“It takes years to develop a World Cup caliber coach,” she explained. “I think that Canada needs to develop more World Cup-level coaches so that they don’t have to rely on Europeans as weekend coaches on the World Cup.”

Sudrich’s goal is to help fill the coaching void and continue her development as a top-level ski coach. She believes the move will allow her to commit herself to the completion of her Level 4 coaching while keeping an eye out for job openings at CCC.

At the same time, she plans to work with top Whitehorse U23 skiers Knute Johnsgaard (Yukon Elite Squad) and Kendra Murray.

Lastly, having spent 10 years living in Ontario, working on her university degree and coaching, Sudrich is eager to return home to Whitehorse, Yukon.

In 2004, Sudrich was named to Canada’s “Top 20 Under 20” list. At 18, she was interested in a career in journalism and creative writing, and using those skills to address substance abuse among Yukon youth. She spent at least 2 1/2 years as a CBC Yukon youth correspondent while “projecting a fun, healthy, and substance free lifestyle,” and “educating the youth through her stories on drug abuse, racism, youth employment, etc,” according to the recipient description. “Many of her stories were presented at a national level.”

Growing up, she was part of the Territorial Experimental Ski Training (TEST) program and eventually the Yukon Ski Team, and worked closely with TEST founder Father Mouchet, who died last December. Sudrich wrote an article in his memory, as well as the Firth twins (when Shirley Firth passed away last May).

Looking Back

Although she thinks it the best move for her development as a coach, she’ll miss her time spent coaching at the provincial level.

Pavlina Sudrich, head coach of the Ontario Ski Team, getting some face time with Martin Johnsrud Sundby. (Photo: coach-pav.com)
Pavlina Sudrich, head coach of the Ontario Ski Team, getting some face time with Martin Johnsrud Sundby. “I hear Sundby attributed his Olympic medal to lots of training, good technique, and this kiss,” she wrote. (Photo: coach-pav.com)

“I had a really good time working with CCO — really challenging job and I learned a lot and grew a lot as a coach,” she said. “I’ll really miss the summer training camps and the long roller skis with groups of athletes. There are great places around Ontario for summer Zone-1 rollerskiing.”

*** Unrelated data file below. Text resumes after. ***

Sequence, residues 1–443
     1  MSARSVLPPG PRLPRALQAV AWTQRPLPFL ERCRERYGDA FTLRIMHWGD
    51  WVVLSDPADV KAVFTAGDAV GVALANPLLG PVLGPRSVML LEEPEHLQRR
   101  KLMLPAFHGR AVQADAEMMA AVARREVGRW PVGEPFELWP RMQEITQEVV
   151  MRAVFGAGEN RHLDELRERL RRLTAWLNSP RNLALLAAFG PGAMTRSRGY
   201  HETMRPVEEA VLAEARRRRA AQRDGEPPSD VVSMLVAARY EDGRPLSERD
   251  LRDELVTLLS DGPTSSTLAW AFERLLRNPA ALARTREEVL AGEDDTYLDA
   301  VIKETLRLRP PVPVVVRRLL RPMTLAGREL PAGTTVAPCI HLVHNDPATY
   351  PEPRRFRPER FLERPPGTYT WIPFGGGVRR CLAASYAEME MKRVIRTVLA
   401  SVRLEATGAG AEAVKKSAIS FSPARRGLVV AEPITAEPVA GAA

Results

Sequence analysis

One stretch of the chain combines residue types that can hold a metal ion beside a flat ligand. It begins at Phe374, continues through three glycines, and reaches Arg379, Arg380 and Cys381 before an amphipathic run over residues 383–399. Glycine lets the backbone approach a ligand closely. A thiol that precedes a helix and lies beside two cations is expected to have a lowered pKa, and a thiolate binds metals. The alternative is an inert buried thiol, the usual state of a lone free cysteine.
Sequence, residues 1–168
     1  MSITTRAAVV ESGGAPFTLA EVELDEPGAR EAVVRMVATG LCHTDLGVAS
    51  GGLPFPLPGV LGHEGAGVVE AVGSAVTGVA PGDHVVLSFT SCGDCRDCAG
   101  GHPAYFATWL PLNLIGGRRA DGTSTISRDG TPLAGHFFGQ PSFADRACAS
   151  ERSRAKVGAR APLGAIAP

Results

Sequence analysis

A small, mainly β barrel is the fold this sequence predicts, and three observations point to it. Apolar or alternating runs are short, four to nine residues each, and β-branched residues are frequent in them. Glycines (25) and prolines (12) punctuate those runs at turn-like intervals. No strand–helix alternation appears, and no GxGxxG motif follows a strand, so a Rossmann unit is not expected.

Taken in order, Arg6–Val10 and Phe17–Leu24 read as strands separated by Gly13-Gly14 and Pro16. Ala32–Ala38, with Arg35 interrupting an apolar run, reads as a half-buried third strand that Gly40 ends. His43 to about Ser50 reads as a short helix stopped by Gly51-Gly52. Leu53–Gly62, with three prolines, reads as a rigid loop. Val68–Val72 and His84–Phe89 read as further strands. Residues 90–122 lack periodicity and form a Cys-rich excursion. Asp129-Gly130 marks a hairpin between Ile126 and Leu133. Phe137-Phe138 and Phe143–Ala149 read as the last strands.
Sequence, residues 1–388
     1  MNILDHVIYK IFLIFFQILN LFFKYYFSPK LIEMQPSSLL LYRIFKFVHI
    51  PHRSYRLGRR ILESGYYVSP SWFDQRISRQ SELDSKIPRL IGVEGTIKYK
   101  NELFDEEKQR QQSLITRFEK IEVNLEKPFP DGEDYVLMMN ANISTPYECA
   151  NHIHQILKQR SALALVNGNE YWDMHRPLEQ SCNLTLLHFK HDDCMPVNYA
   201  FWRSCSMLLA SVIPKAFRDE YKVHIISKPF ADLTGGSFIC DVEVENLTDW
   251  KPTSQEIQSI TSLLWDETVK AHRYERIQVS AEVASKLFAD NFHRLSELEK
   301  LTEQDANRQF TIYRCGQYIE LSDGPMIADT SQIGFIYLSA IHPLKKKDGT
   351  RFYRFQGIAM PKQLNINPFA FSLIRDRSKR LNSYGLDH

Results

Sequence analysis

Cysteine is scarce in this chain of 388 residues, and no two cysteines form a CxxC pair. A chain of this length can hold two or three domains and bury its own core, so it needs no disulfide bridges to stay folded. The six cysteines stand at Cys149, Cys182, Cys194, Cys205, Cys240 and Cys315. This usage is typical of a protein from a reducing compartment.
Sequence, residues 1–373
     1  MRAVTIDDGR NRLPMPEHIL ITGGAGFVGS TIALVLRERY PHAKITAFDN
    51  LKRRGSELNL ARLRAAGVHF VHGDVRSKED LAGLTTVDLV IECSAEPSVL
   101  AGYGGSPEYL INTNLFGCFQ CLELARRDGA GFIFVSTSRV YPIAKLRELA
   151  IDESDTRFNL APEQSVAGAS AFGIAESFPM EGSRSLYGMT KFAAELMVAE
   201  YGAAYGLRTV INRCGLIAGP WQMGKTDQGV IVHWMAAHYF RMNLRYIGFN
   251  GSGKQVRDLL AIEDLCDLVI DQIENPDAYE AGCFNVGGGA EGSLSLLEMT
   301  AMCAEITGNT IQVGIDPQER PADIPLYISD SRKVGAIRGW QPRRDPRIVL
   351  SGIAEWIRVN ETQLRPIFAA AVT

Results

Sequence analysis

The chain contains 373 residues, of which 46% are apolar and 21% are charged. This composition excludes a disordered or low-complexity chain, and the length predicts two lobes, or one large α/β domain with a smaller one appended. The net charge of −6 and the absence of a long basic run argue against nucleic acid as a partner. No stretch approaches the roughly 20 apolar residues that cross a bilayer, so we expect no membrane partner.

Of the many highlights of her three years as OST head coach, one trip last season really stood out.

“Taking the team over to Norway last year and getting to experience Norwegian nationals was amazing!” she said. “It was great to have our athletes lining up with the likes of Petter Northug for the Team Relay!”

Committed to CCO through June 1, Sudrich will host a provincial training camp at the end of May. After that, she said she’s looking forward to the “unique opportunities the Yukon offers throughout the year, and I’m psyched to hang out with my dad back home in Whitehorse!”

Beyond that she’ll begin coaching the Whitehorse athletes in June and working towards her dream of being one of Canada’s World Cup coaches someday.

“Happiness and opportunity aren’t something you wait around for…” she wrote on her blog. “They’re something you go out and create.”

— Alex Kochon contributed reporting

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Ezekiel Williams

A Canadian cross-country ski racer with the Alberta World Cup Academy, Zeke spends most of his time in Canmore, Alberta, but calls Cantley, Quebec, his home. He thinks that you can learn a lot about a person from their goals — his is to ski really fast on the Winter Olympic race course in 2018. Find him on the web: http://ezekielwilliams.ca/ and on twitter: @zek3r